Sleaford and North Hykeham MP Stephen Phillips put forward the Westminster Hall debate on Wednesday in a bit to ensure funding for such an alternative method of transport - for business and recreation - is not solely for the benefit of big cities.
Mr Phillips saw it as unfair that London and other big cities were getting greater funding for its cycling facilities provision than the rest of the country.
Referring to Parliamentary Under-Secretary for Transport Andrew Jones, Mr Phillips said in Wednesday’s debate: “Those of us who make our lives in rural Britain feel that we are constantly short-changed, because the money goes into the urban centres and not into our communities. I want his (Mr Jones’) agreement that it is just not fair that the good folk of Lincolnshire will get £6 a head in this Parliament whereas the no doubt equally good folk of London, Birmingham and all these other places will get £10. It is not on, and it has to stop.”
He said more cycling should be encouraged, to save on fuel in rural areas and sometimes time, as well as doing their bit for the environment.
Mr Phillips said there has been a lot of good work in Lincolnshire and wished to gain the Minister’s assurance that the Government will continue to do what they can to help Lincolnshire and share it as best practice across the country.
He said part of the Lincolnshire County Council’s vision was to create a safe environment for people to enjoy cycling, boosting the local economy and tourism, as well as health benefits.
Mr Phillips said 8,000 cycle training places were delivered each year in Lincolnshire schools, as well as adult cycle training through the Bikeability scheme to overcome safety fears of parents.
Mr Phillips praised Access LN6, now called Access Lincoln, which since 2012, with Government funding, has encouraged businesses, residents and communities in North Hykeham, South Hykeham and Lincoln to travel sustainably. The number of cyclists in the area has doubled. He also referred to the Hirebike, casual bike rental scheme in Lincoln and North Hykeham, with more expansion to come tro include electric bikes as a result of Department for Transport funding. The Government provided £360,000 for a new cycle hub at Lincoln station.
Boston and Skegness MP Matt Warman saw the redeveloping of Skegness railway station as an ideal site for a bike hire scheme.
He said: “We could develop an integrated transport hub that would allow the many hundreds of thousands of tourists who visit Skegness each year to travel around sustainably and safely and see even more of our lovely county.”
Mr Phillips agreed and suggested taking it even further: “He does not just need one docking station by Skegness station, he needs them all over Skegness. If the Minister is amenable to that proposal and will fund my hon. Friend to get some bikes in Skegness, I would quite like some in Sleaford and some other places in my constituency, and I would like more docking stations in North Hykeham.”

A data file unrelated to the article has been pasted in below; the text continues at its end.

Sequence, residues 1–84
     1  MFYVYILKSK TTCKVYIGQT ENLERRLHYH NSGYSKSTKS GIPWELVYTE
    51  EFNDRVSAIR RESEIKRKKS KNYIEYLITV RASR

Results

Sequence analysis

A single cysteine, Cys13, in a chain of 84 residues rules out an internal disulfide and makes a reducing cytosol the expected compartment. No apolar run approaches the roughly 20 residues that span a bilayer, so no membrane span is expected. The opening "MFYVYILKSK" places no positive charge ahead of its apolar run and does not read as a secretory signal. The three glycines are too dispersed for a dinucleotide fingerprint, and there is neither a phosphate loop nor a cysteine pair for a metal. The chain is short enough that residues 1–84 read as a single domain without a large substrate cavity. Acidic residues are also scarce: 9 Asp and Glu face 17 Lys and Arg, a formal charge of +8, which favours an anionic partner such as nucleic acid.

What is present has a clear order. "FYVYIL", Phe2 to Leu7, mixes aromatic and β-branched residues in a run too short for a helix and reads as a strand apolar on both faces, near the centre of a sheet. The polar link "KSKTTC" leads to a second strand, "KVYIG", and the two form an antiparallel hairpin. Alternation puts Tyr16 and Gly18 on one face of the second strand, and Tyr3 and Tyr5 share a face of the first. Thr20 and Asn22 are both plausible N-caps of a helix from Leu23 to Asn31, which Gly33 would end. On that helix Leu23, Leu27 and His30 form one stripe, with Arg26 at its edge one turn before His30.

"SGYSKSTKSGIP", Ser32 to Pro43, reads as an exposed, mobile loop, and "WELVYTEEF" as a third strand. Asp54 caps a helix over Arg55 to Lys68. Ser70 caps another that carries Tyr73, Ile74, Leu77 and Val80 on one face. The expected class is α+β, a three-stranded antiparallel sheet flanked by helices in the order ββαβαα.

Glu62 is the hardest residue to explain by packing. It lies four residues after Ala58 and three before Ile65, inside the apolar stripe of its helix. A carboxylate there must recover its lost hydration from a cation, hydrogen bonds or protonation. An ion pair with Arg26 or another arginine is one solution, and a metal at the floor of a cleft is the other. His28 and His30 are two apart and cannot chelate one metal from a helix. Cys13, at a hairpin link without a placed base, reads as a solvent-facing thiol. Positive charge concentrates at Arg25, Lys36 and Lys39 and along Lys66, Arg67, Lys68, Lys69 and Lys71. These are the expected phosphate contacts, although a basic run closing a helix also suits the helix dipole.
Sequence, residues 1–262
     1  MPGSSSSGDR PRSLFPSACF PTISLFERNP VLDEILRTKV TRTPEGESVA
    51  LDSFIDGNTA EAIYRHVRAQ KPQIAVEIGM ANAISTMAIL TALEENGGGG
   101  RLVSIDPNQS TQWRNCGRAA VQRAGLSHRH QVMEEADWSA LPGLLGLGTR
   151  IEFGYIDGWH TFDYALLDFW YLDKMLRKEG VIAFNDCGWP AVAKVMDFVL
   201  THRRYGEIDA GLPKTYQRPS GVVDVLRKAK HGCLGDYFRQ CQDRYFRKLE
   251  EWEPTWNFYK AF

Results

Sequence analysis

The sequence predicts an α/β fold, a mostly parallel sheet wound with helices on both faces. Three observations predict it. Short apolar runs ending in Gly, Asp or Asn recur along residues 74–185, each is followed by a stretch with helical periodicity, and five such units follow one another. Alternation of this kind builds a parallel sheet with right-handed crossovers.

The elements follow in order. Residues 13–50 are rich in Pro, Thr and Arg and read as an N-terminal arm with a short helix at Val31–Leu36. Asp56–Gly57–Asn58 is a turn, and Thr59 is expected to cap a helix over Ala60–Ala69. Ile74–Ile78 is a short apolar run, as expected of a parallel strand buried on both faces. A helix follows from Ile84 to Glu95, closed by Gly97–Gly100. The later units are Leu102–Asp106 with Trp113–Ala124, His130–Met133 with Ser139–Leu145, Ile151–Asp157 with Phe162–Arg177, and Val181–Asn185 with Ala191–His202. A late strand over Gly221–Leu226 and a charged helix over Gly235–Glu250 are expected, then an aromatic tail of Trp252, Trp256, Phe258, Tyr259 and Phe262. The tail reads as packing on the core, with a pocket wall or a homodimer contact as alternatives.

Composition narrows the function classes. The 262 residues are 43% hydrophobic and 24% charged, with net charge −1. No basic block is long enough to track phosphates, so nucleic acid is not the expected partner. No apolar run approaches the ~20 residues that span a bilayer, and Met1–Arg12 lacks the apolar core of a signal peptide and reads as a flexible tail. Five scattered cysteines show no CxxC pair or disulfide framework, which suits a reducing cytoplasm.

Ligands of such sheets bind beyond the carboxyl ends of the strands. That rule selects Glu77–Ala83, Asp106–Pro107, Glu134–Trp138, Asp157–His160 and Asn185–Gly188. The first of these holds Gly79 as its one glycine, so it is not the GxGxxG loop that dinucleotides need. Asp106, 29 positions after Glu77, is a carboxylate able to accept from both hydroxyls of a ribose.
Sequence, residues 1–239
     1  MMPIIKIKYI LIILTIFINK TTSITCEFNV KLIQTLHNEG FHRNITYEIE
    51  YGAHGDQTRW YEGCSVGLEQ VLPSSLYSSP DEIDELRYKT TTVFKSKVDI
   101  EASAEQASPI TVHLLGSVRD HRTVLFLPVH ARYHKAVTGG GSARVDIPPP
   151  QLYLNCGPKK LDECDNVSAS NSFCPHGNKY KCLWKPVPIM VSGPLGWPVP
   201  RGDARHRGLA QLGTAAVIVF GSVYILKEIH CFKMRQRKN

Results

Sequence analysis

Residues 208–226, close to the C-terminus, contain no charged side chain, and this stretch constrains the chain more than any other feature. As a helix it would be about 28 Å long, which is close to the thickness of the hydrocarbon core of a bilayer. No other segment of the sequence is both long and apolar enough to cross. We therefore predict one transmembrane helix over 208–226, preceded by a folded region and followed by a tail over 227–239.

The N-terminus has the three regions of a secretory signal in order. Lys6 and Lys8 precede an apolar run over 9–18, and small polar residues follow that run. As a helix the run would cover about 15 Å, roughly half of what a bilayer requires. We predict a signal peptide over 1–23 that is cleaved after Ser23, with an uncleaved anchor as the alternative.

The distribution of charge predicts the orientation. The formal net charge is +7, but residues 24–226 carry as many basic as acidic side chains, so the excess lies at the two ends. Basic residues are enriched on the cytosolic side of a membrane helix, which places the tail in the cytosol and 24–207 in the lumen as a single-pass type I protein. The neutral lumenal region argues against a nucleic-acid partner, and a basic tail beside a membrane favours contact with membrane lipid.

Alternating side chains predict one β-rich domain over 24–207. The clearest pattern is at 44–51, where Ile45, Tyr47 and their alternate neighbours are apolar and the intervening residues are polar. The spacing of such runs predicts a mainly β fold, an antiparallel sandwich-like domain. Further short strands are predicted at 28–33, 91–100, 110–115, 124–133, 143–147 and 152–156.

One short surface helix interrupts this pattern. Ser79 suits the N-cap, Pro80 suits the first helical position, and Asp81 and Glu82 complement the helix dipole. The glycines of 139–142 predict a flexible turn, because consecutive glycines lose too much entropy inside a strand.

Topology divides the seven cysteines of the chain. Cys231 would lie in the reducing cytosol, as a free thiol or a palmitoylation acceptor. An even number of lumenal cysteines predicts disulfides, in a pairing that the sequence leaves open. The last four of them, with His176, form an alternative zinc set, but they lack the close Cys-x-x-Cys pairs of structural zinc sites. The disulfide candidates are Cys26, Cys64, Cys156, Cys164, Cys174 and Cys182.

Mr Jones said he knew Matt Warman is already discussing an extension of that scheme to his area with the Under-Secretary of State for Transport Paul Maynard. Mr Jones said the Go Skegness scheme has already started on site.
The £5.7million Go Skegness project aims through improvements to encourage economic growth by alleviating congestion and develop use of sustainable methods of transport such as buses and cycling.
MP for Louth and Horncastle, Victoria Atkins also weighed in, adding the importance of regeneration of areas through cycle networks.
She said: “The Louth canal was, in its heyday, the powerhouse of the midlands engine — even bigger than Grimsby’s port, in its time.”
She welcomed the work of East Lindsey District Council, the Louth Navigation Trust and Sustrans to reopen the route along the canal for cycling, walking and other pursuits.
Under Secretary Andrew Jones accepted that the Government did have to address the “significant regional imbalance” admitting that rural areas’ transport issues are “frequently overlooked”.
He said the spending review in 2015 included £580 million for a new access fund for sustainable transport.
He saw cycle safety as critical and said Bikeability is the Government’s national training programme, which would continue.
On routes to school, Mr Jones said: “We want to encourage children to be able to ride to school; but before that can happen, addressing parents’ natural concerns is fundamental.
“Highways England, which is responsible for the nation’s strategic roads, launched its cycling strategy in January. It outlined plans to provide a safer, integrated, more accessible strategic road network for cyclists and other vulnerable road users. It will invest £100 million in 200 cycling schemes between now and 2021.”
Mr Jones said the Government awarded half a million pounds for sustainable travel in Lincolnshire last year.
He said millions were being given to local infrastructure through the local growth fund to local enterprise partnerships such as Greater Lincolnshire for cycling initiatives.
He saw local authorities as best placed to know where to make improvements and gave assurance that the Government will continue to support cycling financially, through publicity and the sharing of good practice.